School starts on Monday, and with it comes a brand new set of graduation requirements for all first year students. The new requirement that most affects me is the required Argument and Inquiry seminars that all first year students take in their first term at college, and this seminar includes the first cross-curricular mandatory information literacy requirement we’ve ever had.
Obviously I’d think this is a good thing. But what I hadn’t realized was what I’d find most good about this good thing: the major pay-off of this new requirement may be the conversations I’ve had with several faculty in the last couple of months as they develop their A&I seminars for this fall. Just the fact that the seminars are new and that they’re a little intimidating to teach means that we’ve felt at liberty to completely mess with “normal.”
“What if we do away with the ‘library class,’” I ask, and they don’t look at me like I’m growing horns. They say, “What would that look like?”
Another professor came to see if I thought she was completely bonkers for wanting me to come in 4 or 5 times for 15-20 minutes each rather than just once, and I could say “Not at all! Here are the kinds of ways we’re doing that with these other classes.”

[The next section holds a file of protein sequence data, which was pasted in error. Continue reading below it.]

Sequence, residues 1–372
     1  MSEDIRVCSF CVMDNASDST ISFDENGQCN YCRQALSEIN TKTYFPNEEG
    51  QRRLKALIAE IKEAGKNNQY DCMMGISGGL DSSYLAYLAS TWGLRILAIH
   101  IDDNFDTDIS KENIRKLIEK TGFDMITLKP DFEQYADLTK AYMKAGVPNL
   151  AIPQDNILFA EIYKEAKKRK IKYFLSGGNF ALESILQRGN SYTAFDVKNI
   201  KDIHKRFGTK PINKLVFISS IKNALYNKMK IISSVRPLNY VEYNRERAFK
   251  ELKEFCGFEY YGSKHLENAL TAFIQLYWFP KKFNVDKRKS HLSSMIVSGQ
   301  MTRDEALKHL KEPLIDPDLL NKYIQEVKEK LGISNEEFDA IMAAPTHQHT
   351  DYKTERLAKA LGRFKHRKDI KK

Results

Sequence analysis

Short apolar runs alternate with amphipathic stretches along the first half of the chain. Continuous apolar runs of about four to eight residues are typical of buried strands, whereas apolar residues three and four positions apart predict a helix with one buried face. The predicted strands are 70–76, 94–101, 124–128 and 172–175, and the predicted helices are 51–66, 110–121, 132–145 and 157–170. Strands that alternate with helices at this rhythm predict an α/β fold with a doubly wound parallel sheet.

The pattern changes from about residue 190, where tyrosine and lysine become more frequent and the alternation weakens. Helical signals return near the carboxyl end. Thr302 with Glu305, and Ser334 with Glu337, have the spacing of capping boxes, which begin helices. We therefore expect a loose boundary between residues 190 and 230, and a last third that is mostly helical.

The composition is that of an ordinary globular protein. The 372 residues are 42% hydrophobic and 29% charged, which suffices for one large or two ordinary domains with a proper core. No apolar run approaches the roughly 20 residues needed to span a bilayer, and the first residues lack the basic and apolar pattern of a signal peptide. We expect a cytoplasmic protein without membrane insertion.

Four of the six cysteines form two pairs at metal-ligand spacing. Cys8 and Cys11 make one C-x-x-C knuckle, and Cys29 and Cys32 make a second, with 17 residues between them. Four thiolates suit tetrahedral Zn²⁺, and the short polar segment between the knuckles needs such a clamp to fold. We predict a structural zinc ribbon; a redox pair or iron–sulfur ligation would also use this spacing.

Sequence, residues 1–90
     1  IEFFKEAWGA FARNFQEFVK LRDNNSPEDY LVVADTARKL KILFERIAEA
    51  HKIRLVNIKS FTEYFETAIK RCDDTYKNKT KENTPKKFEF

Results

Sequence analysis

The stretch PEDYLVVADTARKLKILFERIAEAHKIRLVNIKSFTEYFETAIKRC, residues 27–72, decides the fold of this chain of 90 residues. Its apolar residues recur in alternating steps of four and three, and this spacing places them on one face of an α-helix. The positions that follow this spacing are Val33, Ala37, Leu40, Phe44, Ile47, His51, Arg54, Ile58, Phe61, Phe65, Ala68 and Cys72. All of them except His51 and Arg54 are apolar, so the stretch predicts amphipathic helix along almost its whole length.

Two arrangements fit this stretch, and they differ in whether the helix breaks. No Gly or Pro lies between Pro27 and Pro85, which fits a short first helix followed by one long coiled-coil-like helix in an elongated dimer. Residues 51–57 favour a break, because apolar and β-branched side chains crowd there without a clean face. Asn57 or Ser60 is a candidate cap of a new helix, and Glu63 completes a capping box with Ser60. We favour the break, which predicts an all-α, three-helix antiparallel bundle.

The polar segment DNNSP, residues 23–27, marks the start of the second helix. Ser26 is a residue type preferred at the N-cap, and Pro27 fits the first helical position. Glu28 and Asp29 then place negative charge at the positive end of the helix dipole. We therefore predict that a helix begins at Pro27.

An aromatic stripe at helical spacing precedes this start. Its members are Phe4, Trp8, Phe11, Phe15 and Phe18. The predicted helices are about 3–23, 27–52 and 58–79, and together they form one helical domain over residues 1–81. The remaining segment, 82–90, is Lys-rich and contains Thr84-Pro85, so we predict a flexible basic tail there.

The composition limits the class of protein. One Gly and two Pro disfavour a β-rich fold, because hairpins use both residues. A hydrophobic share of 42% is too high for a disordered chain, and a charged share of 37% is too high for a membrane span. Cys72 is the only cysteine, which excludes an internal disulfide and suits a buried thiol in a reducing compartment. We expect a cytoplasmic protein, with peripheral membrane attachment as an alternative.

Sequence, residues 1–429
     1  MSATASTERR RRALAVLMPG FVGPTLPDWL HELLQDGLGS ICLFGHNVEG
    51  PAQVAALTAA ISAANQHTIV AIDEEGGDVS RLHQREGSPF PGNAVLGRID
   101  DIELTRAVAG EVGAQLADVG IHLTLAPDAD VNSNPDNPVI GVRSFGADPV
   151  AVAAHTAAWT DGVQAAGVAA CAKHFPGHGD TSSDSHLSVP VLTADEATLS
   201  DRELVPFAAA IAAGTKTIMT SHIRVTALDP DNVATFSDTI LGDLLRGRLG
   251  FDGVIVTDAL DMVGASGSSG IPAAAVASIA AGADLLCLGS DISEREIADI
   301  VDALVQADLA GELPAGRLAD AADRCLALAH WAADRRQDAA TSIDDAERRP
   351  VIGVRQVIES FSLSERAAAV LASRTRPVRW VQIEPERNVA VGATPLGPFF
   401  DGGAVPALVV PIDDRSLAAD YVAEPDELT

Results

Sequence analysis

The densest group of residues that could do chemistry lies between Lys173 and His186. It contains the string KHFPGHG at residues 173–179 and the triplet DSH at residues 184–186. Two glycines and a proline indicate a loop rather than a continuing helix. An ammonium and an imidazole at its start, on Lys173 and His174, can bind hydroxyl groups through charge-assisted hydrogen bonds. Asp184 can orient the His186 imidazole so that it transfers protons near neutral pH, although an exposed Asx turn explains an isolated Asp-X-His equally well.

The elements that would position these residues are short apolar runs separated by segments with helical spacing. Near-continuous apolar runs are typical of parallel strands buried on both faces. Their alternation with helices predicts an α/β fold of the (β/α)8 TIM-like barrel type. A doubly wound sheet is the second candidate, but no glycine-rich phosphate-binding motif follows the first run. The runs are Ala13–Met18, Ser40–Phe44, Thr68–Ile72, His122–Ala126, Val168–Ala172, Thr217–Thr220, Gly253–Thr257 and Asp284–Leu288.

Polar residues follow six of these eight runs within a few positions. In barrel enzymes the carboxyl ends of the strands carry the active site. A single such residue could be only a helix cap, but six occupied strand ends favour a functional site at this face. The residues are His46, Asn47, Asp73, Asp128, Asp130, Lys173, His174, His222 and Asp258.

And these are professors I’ve never worked with before and professors I’ve worked with consistently over the years — creative and thoughtful professors, all — but it feels totally different because we’re both pretty uncertain about how we’ll make these seminars work. We’re brainstorming and upending the status quo with wild abandon, and nothing feels taboo. And sometimes we settle back on a format similar to the more normal class: assignment-specific instruction for 50 minutes. But when we do, we do so with more confidence that this format suites the course’s learning goals rather than just being What We’ve Done Before.